The initial testing of this technology in the U.S. has been encouraging, however. The SAROS team reported that its device was easy to deploy and anchor, with the results exceeding expectations. The initial testing buoy produced freshwater despite being placed in a relatively low wave energy environment off of the North Carolina coast. In addition to the physical tests conducted in North Carolina, the National Renewable Energy Laboratory simulated the technology’s efficacy and economic feasibility using the power generated by waves at a reference point off the coast of Humboldt, California. This modeling experiment found that the technology could be “a viable near-term solution to provide the nation with drinking water.”
A few potential challenges are associated with this technology, for example, the wave height needed to generate enough power. According to Resolute Marine Energy, the minimum amount of power needed to start the desalination process is 10 kilowatts of wave energy per linear meter of wavefront. In some pockets around the earth, waves will not meet this minimum energy threshold, but it appears that most areas can produce enough.
It may be necessary to lower expectations for this technology in the short-term. As this technology requires low capital investment, can power itself, and can be deployed to most parts of the world, the temptation exists to treat this as a panacea. If the technology becomes more widely adopted and continues to perform to a certain standard, people and governments may see this as the answer to their water crises, as opposed to one of several technologies in a broader repertoire of solutions. While it seems promising, there is nothing to indicate that the technology has the capacity to currently address anything approaching all or most of the world’s freshwater needs.
Resolute estimates that five 4,000 m3/day Wave2O™ plants could meet the UN-mandated minimum daily water requirements for approximately 240,000 people. While this would no doubt be a tremendous step in the right direction, this number must be kept in perspective. Approximately 1.1 billion people worldwide lack access to clean drinking water. As this technology scales upward, it is critical that global expectations viewed it correctly: as one promising tool in the fight for increased water access.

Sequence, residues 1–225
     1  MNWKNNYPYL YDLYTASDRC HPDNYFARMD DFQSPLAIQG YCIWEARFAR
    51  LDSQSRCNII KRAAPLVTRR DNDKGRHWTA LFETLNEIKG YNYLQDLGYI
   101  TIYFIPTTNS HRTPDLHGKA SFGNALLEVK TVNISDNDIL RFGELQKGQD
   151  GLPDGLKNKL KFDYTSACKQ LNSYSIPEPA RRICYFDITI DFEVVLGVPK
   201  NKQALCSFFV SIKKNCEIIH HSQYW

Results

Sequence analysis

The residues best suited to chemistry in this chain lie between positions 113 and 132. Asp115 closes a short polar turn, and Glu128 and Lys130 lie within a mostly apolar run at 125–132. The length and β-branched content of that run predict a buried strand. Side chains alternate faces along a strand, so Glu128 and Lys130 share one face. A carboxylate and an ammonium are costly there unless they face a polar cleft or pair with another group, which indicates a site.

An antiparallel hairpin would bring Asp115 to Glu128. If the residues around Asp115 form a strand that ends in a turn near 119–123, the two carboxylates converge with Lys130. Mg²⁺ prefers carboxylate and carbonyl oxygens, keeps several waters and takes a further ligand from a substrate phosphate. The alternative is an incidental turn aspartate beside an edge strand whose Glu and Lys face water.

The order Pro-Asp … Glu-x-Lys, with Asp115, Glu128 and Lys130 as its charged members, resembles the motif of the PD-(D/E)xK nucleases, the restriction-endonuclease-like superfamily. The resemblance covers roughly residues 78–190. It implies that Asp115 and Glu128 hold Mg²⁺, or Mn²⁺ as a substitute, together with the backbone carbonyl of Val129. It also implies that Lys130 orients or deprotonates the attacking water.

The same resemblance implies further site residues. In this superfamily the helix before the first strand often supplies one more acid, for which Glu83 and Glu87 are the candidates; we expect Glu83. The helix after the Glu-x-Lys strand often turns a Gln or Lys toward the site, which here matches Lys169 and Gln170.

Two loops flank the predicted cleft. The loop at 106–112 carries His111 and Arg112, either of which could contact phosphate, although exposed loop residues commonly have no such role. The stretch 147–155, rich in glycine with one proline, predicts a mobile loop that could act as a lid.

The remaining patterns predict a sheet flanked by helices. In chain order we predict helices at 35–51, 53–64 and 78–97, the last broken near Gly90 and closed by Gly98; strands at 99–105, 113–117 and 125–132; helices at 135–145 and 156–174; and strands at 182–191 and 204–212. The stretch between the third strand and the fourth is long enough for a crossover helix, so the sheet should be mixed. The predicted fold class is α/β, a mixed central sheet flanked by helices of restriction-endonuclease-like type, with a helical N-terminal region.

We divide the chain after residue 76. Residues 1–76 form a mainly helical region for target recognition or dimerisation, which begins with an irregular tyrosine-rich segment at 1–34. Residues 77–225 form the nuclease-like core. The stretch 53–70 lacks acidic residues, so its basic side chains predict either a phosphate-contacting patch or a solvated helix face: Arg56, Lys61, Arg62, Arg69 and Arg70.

Wave-powered desalination could also run into legal hurdles if it becomes more realistic on a large scale. Depending on the jurisdiction, local environmental and not-in-my-backyard groups may oppose adding buoys that could affect pristine coastal vistas and boating corridors in places like California or Massachusetts. There may, however, be fewer hurdles in the developing world where the technology is needed most. Coastal areas in Africa, Asia, South America and island areas facing water challenges may be more eager to deploy this technology and more likely streamline its implementation.
Wave energy technology has potential, but it is very early in the implementation phase. The technology can produce freshwater using only wave energy, reducing the need for expensive, energy-intensive traditional desalination. Wave energy technology does not produce any carbon byproducts, which represents a key development in the fight against climate change. And while there is hope that wave-powered desalination can help improve water rights worldwide, it should be treated as one of several technologies that could help achieve this end.